Former Central Intelligence Agency Director George Tenet continues to come under fire for profiting directly from the Iraq War, about which he now claims to have had misgivings. Tenet has reportedly received a $4-million advance from HarperCollins for his book At the Center of the Storm, and he also commands a speaking fee of $50,000 each time he addresses a corporate group. Tenet has a substantial government pension, and his salary from Georgetown University, where he has a three-year appointment as the Distinguished Professor in the Practice of Diplomacy in the Edmund A. Walsh School of Foreign Diplomacy, is reported to be in the six figures. But Tenet’s most significant income, an estimated $2.3 million since 2004, derives from his participation on the boards of a number of corporations that are contractors for the intelligence and defense communities. Tenet has three key directorial positions—with L-1 Identity Solutions, which provides biometric identity software; Guidance Software, which specializes in forensics; and QuinetiQ, a British defense technology firm that was until recently owned by the Carlyle Group. Tenet has also been linked to Science Applications International Corp, a major defense and intelligence contractor. He wrote much of his book in a SAIC secure facility where he was able to work with classified documents (which raises the question of how a former CIA director continues to have access to secret material to enable him to write a for-profit book). The CIA workforce is now 60 percent contractors, nearly all of whom come from companies like those with which Tenet is associated. Contractors cost the taxpayer two to three times as much as a staff employee does, but they are frequently expensed off-line in the budget and can have their positions eliminated when their contracts expire, which is why federal government managers prefer to use them.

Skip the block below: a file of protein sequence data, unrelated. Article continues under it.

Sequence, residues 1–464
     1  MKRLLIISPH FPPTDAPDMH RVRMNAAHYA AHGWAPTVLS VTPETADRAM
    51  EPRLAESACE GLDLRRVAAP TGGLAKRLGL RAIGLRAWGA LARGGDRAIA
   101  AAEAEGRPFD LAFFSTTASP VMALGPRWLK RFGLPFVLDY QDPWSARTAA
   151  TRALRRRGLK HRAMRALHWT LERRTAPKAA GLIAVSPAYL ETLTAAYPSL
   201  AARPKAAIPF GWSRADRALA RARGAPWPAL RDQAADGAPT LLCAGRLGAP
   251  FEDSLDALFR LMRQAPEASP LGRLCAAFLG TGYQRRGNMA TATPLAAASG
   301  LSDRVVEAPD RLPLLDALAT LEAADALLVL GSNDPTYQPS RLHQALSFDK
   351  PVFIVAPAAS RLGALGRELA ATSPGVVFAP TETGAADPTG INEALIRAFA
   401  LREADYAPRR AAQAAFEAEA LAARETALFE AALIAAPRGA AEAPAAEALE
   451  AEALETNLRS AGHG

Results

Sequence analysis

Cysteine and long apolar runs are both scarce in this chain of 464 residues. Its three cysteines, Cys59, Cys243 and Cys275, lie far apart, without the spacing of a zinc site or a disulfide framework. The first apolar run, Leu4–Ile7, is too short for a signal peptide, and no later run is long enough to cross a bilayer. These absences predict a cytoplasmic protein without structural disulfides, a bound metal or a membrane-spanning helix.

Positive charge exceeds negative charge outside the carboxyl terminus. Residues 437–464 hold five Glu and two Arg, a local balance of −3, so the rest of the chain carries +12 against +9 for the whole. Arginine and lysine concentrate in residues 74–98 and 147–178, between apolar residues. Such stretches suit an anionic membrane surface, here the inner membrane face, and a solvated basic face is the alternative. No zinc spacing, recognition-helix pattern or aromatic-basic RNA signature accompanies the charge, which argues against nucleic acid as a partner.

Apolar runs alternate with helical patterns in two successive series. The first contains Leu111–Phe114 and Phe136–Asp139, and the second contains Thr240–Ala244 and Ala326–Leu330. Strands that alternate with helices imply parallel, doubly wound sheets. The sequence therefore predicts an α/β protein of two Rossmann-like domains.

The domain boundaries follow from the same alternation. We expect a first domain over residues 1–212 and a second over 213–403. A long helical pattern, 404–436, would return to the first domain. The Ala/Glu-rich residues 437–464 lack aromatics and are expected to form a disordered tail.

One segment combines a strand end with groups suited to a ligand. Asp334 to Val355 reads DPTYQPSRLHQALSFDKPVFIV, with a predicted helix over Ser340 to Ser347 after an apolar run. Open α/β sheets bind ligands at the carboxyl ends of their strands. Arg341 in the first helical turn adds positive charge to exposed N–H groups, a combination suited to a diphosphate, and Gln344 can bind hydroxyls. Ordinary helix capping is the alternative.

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Col. Larry Wilkerson, former chief of staff to Colin Powell when he was secretary of state, told a May 7 gathering why Powell did not resign during President Bush’s first term. He feared that his departure would mean that the Pentagon would be completely unrestrained in its attempted reshaping of U.S. foreign policy. According to Wilkerson, the Pentagon began to interfere in the policy process very early in the Bush administration. He cited as one example the dispatch of senior Pentagon officials to Taiwan during 2001 to urge the Taiwanese leadership to declare the country independent of mainland China. Pentagon officials assured the Taiwanese that if they were to do so, the United States would adopt a “two China” policy, abandoning the current American recognition of the People’s Republic as the sole legal government of China. Beijing would have reacted strongly and perhaps unpredictably to such a move. When Powell heard about the Pentagon initiative, he was livid and immediately sent senior State Department officers to Taiwan to inform them that a new China policy was not being contemplated and that Taiwan’s declaring independence would not be supported by the United States.
Philip Giraldi, a former CIA Officer, is a partner in Cannistraro Associates, an international security consultancy.